How NFTs are transforming the ticketing industry

The concept of non-fungible tokens (NFT) emerged in 2015 and first gained some prominence in 2017 when many prominent digital collectibles such as CryptoPunks and EtherRock were created.

NFTs gained early traction with leading sports clubs, but rose to prominence after digital artist Beeple’s artwork sold as an NFT for over $69 million. The Beeple event caught the world’s attention and turned out to be a breakthrough move for the NFT ecosystem.

Today, most mainstream household brands, premium sports and apparel brands, celebrities, sports stars and influencers have gotten caught up in the NFT craze. While many believed that the hype and frenzy surrounding the market would become the cause of its demise, the NFT ecosystem has seen rapid expansion beyond the digital collectibles market.

Gaming is another key industry that has had a significant impact on NFTs, with play-to-earn (P2E) and integrated NFT rewards being the talk of the town in 2021. Games like Axie Infinity have become a source of livelihood for many in Vietnam and in the market Experts have predicted that within 10 years the majority of video games will have switched to P2E models.

While digital collectibles and the gaming industry have become two of the most prominent use cases of NFTs, there are several other industries where the use of non-fungible tokens is growing. In a prominent example, the ticketing industry is seeking a makeover through the integration of NFTs.

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How NFTs shape the ticket market

While the ticketing market has become digital enough over the past few years, aided by the pandemic, it is highly centralized, contributing to the growth of secondary and underground markets.

Nowadays, tickets for any major concert or event are bought early by hoarders, which are then sold at these markets at an inflated price, in a practice known as ‘scalping’.

In many cases, scalpers even sell fakes since customers have no way of confirming genuine tickets before making a purchase.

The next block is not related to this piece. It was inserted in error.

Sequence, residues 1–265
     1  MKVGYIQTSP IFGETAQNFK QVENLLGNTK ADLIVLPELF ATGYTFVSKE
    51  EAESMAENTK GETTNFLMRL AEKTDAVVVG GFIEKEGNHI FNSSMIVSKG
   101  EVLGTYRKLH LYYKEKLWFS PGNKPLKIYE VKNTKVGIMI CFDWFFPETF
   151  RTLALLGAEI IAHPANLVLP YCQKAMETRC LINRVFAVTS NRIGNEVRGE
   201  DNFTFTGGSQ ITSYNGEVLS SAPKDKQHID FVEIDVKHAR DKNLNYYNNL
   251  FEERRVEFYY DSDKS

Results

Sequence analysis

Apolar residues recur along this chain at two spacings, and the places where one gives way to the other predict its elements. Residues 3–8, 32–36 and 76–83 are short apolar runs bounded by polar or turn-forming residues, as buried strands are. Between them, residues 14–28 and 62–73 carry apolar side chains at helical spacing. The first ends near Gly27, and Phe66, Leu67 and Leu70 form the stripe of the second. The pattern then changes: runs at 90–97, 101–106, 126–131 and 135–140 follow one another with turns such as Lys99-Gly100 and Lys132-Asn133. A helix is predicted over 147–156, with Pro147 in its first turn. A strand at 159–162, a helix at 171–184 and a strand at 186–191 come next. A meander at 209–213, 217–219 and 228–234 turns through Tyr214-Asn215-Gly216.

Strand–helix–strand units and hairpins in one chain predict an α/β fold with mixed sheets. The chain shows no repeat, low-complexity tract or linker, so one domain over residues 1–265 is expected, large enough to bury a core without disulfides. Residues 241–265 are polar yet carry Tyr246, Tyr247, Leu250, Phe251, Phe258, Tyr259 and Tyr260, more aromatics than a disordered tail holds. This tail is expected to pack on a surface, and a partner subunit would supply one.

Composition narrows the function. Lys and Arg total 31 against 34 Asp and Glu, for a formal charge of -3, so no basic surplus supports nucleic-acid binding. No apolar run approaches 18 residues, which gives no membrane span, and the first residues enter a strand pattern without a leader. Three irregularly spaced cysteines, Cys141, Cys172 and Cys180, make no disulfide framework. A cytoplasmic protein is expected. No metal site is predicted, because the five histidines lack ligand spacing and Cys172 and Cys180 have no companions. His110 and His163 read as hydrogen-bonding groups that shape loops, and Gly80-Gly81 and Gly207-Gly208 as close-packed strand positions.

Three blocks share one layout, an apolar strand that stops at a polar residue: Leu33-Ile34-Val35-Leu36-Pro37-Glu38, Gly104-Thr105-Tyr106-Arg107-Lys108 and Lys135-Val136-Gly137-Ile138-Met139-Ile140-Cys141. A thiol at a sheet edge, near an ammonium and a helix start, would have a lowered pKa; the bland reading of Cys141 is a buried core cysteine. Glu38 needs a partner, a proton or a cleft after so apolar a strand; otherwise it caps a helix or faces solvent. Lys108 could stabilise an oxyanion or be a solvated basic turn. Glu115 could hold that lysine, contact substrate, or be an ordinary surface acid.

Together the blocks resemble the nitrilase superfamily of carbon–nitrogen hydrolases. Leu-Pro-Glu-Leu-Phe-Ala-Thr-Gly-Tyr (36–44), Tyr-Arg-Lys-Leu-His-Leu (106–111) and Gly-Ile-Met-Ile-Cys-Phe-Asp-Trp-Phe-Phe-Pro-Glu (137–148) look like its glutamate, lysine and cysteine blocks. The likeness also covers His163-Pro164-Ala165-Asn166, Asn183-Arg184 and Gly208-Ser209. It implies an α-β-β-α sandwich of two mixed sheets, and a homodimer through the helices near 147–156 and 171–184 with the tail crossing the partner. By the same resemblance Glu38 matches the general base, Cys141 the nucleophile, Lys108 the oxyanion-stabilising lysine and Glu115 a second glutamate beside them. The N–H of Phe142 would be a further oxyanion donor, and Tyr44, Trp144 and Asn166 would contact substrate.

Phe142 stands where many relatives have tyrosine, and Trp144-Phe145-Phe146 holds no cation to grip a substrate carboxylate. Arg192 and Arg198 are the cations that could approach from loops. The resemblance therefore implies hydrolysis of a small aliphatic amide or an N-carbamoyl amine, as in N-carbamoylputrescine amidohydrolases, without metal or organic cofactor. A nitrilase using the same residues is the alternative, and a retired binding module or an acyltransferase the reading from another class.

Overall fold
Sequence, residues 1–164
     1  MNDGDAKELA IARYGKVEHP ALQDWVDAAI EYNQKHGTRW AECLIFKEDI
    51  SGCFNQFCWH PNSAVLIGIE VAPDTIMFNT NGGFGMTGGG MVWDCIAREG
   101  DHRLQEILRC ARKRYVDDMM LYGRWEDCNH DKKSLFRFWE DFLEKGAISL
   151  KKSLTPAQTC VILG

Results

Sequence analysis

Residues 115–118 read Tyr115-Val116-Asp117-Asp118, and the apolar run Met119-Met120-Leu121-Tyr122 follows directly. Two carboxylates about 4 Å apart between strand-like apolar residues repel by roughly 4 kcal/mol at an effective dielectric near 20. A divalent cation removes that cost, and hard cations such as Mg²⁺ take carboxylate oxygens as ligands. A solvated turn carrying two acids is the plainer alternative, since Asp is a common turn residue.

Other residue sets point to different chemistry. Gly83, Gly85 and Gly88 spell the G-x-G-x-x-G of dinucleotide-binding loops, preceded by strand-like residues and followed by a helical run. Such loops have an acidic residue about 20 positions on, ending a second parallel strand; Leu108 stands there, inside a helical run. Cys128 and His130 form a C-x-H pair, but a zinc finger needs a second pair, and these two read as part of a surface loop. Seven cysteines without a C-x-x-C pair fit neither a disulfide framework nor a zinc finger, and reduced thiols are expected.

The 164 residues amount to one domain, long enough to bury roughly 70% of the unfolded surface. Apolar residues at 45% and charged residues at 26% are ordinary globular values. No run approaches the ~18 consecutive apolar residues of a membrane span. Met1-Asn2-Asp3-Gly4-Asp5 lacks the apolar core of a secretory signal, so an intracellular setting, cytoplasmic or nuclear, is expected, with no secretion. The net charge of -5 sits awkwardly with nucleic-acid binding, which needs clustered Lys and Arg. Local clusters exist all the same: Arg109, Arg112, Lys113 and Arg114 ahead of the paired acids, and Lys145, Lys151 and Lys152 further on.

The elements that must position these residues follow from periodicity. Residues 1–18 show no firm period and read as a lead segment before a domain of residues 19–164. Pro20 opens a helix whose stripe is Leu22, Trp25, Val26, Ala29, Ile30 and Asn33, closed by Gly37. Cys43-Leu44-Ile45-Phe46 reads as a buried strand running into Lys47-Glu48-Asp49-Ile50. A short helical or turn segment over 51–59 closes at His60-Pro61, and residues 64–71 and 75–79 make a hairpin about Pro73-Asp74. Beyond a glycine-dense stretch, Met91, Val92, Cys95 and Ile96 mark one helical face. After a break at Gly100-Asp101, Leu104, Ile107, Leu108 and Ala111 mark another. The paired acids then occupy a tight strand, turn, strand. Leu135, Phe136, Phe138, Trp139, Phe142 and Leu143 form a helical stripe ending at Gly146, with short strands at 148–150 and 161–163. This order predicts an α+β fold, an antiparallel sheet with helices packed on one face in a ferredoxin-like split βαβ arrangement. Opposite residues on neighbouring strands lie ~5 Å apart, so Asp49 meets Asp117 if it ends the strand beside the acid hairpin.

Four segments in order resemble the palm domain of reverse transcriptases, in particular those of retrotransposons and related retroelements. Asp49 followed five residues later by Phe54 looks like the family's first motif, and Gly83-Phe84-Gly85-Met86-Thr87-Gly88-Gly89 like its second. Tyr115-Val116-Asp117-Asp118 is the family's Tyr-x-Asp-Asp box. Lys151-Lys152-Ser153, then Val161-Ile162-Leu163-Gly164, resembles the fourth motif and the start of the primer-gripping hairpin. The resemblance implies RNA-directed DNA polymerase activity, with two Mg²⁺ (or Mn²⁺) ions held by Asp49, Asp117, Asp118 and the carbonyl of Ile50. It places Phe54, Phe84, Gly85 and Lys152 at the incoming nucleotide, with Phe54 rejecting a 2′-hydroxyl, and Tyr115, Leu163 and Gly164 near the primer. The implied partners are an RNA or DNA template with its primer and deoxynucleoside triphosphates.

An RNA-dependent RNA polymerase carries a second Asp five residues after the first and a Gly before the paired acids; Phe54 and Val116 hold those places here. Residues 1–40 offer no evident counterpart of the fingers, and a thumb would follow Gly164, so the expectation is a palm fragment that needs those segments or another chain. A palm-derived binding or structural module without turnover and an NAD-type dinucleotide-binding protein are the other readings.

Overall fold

NFTs provide proof of authenticity as they store data on a blockchain. The same mechanism can be applied by putting tickets on a blockchain that would ensure not only the authenticity of the ticket but also whether it was sold by a legitimate promoter.

These NFT tickers also have the potential to open up the secondary ticket market.

For a long time, the secondary market was largely inaccessible to organisers, venues and artists. Unregulated and speculative, it affects both fans frustrated by high prices and artists besieged by an unhappy fanbase.

With NFT ticketing, this problem could go away. Artists and promoters can create smart contracts that govern the resale of their tickets.

NFT benefits can range from resale royalties, capping or floor pricing caps, and packing all kinds of utility add-ons into the NFT. With NFT tickets, the community gets much closer to the artist or the sports team. That means they play a bigger role in the decisions of their favorite artists or teams.

NFT tickets go well beyond access. It is a collector’s item, but can also serve as a goodie bag for all sorts of perks. It can be a wallet that keeps monetary value safe. You can grant access to specific areas of an event, or give away a t-shirt, burger, autographed poster, or $100 worth of purchases in the concert hall.